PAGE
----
I’m mad. Okay, perhaps frustrated is more accurate. Why? Simple. Spring bear season is a scant few months away and I still don’t have the 300 grain load I want for my .375 H&H.
Why? Simple. I can’t get the powder for the load I developed over a year ago: Hodgdon’s H4350. Those readers who’ve followed my saga know I decided a while back to reserve the small amount I do have to feed a particular .300 Winchester Magnum. I just can’t find any more H4350 right now. Yet, Hodgdon swears they are shipping it to retailers. I guess you need to know the secret handshake or something before stores, or e-retailers, will let on they have some in the backroom.
If you recall, I decided two years ago to upgrade from my .375 H&H from the current 260 grain loads to a 300 grain on the off chance I might have to go toe to toe with a big, grumpy bruin. The matter is more urgent now with the possibility some Lower 48 states will allow grizzly hunting soon. If you don’t know how this all started, Use Enough Gun: Why You Should Bring a Big Bore to a Bear Hunt will bring you up to date. Big difference between just killing a bear and stopping a bear.
I decided to develop a load with Nosler’s excellent 300 grain Partition after I couldn’t find factory ammo which met my requirements (minimum 2500 fps). See Is the Ammunition Industry Trying to Kill the .375 Holland & Holland? for more details. Since then, the search has gone on for a Plan B load. While I continue to look for suitable factory .375 ammo, I have enlisted the .300 Winchester Magnum. Might as well have a Plan B gun as well.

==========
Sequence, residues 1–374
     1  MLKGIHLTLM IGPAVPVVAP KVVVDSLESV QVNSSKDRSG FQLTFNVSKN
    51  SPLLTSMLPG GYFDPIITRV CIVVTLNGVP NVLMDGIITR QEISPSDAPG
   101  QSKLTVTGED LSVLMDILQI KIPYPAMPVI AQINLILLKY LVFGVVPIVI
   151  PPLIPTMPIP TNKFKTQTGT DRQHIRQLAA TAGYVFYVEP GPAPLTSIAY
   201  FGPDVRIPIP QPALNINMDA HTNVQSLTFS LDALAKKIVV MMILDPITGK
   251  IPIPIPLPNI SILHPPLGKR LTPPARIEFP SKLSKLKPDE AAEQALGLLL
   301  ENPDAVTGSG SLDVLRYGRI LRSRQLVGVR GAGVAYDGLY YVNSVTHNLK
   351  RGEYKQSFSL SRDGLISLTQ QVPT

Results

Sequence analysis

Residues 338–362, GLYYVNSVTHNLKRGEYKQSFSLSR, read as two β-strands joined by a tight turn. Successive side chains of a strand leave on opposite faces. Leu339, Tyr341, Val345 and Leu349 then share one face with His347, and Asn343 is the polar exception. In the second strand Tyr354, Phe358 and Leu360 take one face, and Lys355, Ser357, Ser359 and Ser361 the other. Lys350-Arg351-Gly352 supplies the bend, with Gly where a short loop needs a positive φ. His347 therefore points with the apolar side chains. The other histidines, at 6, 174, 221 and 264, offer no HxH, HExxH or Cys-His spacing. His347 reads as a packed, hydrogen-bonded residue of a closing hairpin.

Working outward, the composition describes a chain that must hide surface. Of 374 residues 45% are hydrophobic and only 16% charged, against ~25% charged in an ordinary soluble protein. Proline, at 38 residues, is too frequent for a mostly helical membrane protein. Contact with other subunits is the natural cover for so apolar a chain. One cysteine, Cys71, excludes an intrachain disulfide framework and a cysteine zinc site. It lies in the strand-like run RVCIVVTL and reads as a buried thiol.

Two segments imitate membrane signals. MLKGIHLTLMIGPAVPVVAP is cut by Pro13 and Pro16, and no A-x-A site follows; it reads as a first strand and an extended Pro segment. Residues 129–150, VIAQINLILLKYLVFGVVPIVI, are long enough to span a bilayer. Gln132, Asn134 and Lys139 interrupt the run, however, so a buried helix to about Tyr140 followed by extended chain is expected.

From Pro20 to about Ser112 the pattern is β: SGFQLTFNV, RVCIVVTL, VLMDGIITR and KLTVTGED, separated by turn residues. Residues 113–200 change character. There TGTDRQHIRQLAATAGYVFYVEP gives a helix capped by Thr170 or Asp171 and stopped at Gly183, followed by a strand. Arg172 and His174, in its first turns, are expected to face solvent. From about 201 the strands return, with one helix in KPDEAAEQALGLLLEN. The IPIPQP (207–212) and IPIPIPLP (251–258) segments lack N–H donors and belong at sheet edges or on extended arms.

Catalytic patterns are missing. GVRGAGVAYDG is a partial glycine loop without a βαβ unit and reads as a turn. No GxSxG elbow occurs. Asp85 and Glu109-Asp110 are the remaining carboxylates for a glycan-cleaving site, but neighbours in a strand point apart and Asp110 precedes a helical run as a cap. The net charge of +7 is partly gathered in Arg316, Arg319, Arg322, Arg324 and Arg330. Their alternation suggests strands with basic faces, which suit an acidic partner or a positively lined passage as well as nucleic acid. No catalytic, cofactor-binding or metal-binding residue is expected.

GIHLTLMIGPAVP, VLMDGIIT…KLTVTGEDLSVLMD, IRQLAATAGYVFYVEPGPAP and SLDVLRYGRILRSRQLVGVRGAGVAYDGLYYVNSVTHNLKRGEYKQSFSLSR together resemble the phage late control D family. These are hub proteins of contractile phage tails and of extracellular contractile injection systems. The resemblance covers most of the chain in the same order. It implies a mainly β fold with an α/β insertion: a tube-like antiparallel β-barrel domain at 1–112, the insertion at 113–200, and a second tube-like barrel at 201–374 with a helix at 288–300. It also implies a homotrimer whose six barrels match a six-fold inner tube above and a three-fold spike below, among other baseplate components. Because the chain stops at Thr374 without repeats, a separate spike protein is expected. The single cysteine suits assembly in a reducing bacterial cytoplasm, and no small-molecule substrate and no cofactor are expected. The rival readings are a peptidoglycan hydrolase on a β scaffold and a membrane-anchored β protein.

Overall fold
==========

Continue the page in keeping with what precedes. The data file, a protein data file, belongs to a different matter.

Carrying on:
|300 gr. .375 Partition (L), 180 gr. .308 Accubond (C)|
Hunters have used thirty caliber cartridges for over a century to take bears, from the .30-30 through .308, .30-06, and all the magnums. Every successful bear hunter I’ve either talked to or read about who used a thirty has almost without exception used the heaviest bullet they could find.
Bears are tough, not bullet proof, but darned tough, and they don’t take it well when shot around the edges. This toughness means the bullet you use has to do two things. It must expand well for maximum tissue damage and it must penetrate deep. The short list for bullets which have these contradictory qualities includes Nosler’s Partition and AccuBond, Swift A-Frame, Woodleigh Weldcore, Barnes TSX, and Trophy Bonded Bear Claw. When it comes to thirty calibers, these bullets are best served to bears in 200 grain portions, or heavier. Those maximum weight slugs have high sectional densities which allow them to drive through thick hide, muscle, and bone easier than their lighter brothers.
Back when I had next to no H4350, I mucked about with a Plan B for the 180 grain AccuBond load (2960 fps, 1 MOA) which is the mainstay for my .300 Win. Mag. I splurged on some 200 grain Nosler AccuBonds in hopes I could use another powder I did have on hand to cobble together something for deer and elk out to 500+ yards (the 180’s original mission).
|A few 180 gr. AccuBonds from a previous loading session.|